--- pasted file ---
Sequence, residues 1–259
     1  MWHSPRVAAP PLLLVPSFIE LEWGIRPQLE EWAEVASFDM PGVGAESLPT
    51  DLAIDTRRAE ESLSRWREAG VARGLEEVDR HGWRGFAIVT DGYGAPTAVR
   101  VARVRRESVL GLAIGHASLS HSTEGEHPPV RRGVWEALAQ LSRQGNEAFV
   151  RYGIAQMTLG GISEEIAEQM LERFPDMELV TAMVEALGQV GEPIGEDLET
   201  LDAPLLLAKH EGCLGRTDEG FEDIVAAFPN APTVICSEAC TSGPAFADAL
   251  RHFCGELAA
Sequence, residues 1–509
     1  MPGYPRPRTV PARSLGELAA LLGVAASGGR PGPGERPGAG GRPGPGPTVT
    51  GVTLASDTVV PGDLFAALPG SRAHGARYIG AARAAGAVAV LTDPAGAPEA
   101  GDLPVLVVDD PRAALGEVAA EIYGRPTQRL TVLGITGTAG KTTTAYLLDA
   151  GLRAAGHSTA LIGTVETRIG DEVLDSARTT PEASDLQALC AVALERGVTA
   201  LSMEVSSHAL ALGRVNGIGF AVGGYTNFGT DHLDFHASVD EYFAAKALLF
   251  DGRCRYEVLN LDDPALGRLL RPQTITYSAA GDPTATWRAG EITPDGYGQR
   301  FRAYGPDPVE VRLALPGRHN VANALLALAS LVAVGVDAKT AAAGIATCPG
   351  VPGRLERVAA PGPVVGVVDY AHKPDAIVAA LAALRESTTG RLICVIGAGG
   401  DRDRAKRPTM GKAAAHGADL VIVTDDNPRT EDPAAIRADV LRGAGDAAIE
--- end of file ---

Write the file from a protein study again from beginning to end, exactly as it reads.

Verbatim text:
Sequence, residues 1–259
     1  MWHSPRVAAP PLLLVPSFIE LEWGIRPQLE EWAEVASFDM PGVGAESLPT
    51  DLAIDTRRAE ESLSRWREAG VARGLEEVDR HGWRGFAIVT DGYGAPTAVR
   101  VARVRRESVL GLAIGHASLS HSTEGEHPPV RRGVWEALAQ LSRQGNEAFV
   151  RYGIAQMTLG GISEEIAEQM LERFPDMELV TAMVEALGQV GEPIGEDLET
   201  LDAPLLLAKH EGCLGRTDEG FEDIVAAFPN APTVICSEAC TSGPAFADAL
   251  RHFCGELAA
Sequence, residues 1–509
     1  MPGYPRPRTV PARSLGELAA LLGVAASGGR PGPGERPGAG GRPGPGPTVT
    51  GVTLASDTVV PGDLFAALPG SRAHGARYIG AARAAGAVAV LTDPAGAPEA
   101  GDLPVLVVDD PRAALGEVAA EIYGRPTQRL TVLGITGTAG KTTTAYLLDA
   151  GLRAAGHSTA LIGTVETRIG DEVLDSARTT PEASDLQALC AVALERGVTA
   201  LSMEVSSHAL ALGRVNGIGF AVGGYTNFGT DHLDFHASVD EYFAAKALLF
   251  DGRCRYEVLN LDDPALGRLL RPQTITYSAA GDPTATWRAG EITPDGYGQR
   301  FRAYGPDPVE VRLALPGRHN VANALLALAS LVAVGVDAKT AAAGIATCPG
   351  VPGRLERVAA PGPVVGVVDY AHKPDAIVAA LAALRESTTG RLICVIGAGG
   401  DRDRAKRPTM GKAAAHGADL VIVTDDNPRT EDPAAIRADV LRGAGDAAIE